Gerrard, James. The Ruin of Roman Britain: An Archeological Perspective

Ogden, Jack.  Ancient Jewellery

 

Blackbirding, debt bondage, serfdom and slavery

170px-Official_medallion_of_the_British_Anti-Slavery_Society_(1795).jpgI’m not sure if I would be terribly pleased if someone gave me four calling or holly birds for Christmas.  Unfortunately I can think of something historic to do with black birds or more specifically the deeply repugnant act of “black birding.”  Some nineteenth century Australian settlers dealt with labour  shortages by ‘blackbirding’ Southsea Islanders.  Islanders were transported from their homes to Australia from the 1860s onwards.  Many of the labourers were tricked into boarding the ships  or did not realise the terms and conditions of their employment- at best they could be described as bonded labourers at worst they were slaves who had simply been rounded up by ships’ crews and kidnapped at gunpoint.  Blackbirding was made illegal in 1872 following an episode where more than 60 people were killed during a black birding raid. The idea of tricking people or simply rounding them up and taking them away from their homes is not a new one and sadly not an extinct one.

Reeve_and_Serfs.jpgWhen William the Conqueror arrived in 1066 there were a class of Saxons who were slaves, it’s thought about 10% of the population – they had come into slavery by different methods including being sold into slavery as children, being bale to pay a debt or for a crime.  Some of the slaves had been born slaves, a reminder that many the Norse peoples who  settled in Britain had grown wealthy on the back of slavery.  Slaves had no value in terms of weir-gold but they did have value as property.  Slave owners were  legally responsible for the actions of the men, women and children that they owned.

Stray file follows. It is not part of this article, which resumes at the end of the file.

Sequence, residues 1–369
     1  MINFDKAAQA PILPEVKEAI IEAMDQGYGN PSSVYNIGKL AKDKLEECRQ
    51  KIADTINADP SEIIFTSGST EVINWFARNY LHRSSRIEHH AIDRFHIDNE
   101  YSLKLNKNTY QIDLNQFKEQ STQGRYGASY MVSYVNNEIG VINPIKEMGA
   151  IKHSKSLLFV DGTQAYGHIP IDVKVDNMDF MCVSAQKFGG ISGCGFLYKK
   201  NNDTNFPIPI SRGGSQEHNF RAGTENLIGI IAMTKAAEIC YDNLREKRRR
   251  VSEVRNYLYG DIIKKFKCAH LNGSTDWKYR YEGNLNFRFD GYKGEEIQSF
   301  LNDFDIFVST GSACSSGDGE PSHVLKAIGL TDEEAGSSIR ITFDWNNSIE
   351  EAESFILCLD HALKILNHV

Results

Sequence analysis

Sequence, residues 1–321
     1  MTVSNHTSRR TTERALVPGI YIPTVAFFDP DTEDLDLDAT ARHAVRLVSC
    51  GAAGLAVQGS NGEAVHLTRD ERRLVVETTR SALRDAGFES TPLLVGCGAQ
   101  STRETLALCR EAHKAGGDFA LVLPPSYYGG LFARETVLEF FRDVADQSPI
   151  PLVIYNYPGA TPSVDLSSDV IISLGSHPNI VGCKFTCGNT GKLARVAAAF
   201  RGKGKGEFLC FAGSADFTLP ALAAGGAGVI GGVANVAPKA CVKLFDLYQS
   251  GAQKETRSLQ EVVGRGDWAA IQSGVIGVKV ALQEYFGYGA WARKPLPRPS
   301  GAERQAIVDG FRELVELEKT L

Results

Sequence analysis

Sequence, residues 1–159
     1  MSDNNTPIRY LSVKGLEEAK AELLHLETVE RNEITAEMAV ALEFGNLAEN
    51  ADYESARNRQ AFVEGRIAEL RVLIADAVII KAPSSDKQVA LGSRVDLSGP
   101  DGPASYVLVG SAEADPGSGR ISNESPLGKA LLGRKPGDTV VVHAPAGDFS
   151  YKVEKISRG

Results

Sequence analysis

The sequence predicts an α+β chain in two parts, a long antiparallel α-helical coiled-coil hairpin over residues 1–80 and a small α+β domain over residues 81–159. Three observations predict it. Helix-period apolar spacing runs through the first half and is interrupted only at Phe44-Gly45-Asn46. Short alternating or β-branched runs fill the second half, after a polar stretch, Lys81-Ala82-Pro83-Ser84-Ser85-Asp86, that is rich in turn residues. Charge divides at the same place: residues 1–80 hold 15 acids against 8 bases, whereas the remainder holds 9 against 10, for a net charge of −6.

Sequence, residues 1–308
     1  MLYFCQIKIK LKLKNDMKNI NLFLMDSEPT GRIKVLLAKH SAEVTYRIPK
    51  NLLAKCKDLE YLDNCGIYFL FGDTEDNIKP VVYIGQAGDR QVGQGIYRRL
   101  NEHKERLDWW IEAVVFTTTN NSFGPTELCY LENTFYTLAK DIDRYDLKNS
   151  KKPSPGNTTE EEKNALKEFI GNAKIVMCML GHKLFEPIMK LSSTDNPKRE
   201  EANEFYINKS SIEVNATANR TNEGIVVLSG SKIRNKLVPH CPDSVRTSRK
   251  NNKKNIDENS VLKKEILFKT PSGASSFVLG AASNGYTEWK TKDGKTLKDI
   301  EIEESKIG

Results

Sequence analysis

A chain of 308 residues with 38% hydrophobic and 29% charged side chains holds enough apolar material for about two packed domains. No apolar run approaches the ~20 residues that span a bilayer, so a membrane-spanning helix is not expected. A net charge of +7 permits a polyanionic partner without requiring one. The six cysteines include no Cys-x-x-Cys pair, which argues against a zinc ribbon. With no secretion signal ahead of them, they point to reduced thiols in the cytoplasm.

The Normans did away with slavery but serfdom – the bottom of the feudal hierarchy- essentially meant that  people who were serfs could not leave the manors on which they were born, could be bought and sold by their lords of the manor and were required to work for the lord of the manor.  Serfdom was effectively a form of debt bondage- services in repayment for an obligation created by their lord’s care of them.  The Black Death with arrived in 1349 helped to speed the demise of serfdom on account of the resulting labour shortage.

The transportation of slaves from Africa began in the sixteenth century as work forces were required in the Americas.  Essentially, at various times and locations, the Spanish, Portuguese, Dutch and English arrived along with their bugs and lurgies which killed off local populations meaning that there was no one close at hand to force into servitude.  The first shipments of slaves went directly from Africa to the Caribbean and by the early seventeenth century the English had started to forcibly move large numbers of people to North America to work on the sugar plantations.  This led to the development of the so-called triangular trade which saw Liverpool and Bristol flourish – The trans Atlantic or middle passage  of the triangular trade with boats laden with men, women and children destined for slavery was not one of British History’s finest moments.  It has been estimated that mortality rates were about 50% before vessels became larger and greater care taken of the “cargo.”